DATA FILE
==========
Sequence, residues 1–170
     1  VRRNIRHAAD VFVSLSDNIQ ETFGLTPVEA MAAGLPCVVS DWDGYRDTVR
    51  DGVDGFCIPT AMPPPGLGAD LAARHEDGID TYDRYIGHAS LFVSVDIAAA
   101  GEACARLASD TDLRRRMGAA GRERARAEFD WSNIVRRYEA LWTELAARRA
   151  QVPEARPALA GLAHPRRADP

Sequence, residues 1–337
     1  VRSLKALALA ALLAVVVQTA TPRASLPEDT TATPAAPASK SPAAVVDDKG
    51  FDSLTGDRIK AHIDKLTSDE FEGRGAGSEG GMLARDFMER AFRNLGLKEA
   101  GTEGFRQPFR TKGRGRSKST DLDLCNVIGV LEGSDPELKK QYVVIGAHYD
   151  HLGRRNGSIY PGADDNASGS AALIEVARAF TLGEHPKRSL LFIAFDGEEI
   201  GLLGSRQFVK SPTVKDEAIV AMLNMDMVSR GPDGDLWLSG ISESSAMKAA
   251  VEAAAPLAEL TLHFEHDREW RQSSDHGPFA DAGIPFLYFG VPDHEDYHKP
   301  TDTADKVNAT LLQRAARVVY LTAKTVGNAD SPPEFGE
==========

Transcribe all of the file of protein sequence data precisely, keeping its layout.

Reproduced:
Sequence, residues 1–170
     1  VRRNIRHAAD VFVSLSDNIQ ETFGLTPVEA MAAGLPCVVS DWDGYRDTVR
    51  DGVDGFCIPT AMPPPGLGAD LAARHEDGID TYDRYIGHAS LFVSVDIAAA
   101  GEACARLASD TDLRRRMGAA GRERARAEFD WSNIVRRYEA LWTELAARRA
   151  QVPEARPALA GLAHPRRADP

Sequence, residues 1–337
     1  VRSLKALALA ALLAVVVQTA TPRASLPEDT TATPAAPASK SPAAVVDDKG
    51  FDSLTGDRIK AHIDKLTSDE FEGRGAGSEG GMLARDFMER AFRNLGLKEA
   101  GTEGFRQPFR TKGRGRSKST DLDLCNVIGV LEGSDPELKK QYVVIGAHYD
   151  HLGRRNGSIY PGADDNASGS AALIEVARAF TLGEHPKRSL LFIAFDGEEI
   201  GLLGSRQFVK SPTVKDEAIV AMLNMDMVSR GPDGDLWLSG ISESSAMKAA
   251  VEAAAPLAEL TLHFEHDREW RQSSDHGPFA DAGIPFLYFG VPDHEDYHKP
   301  TDTADKVNAT LLQRAARVVY LTAKTVGNAD SPPEFGE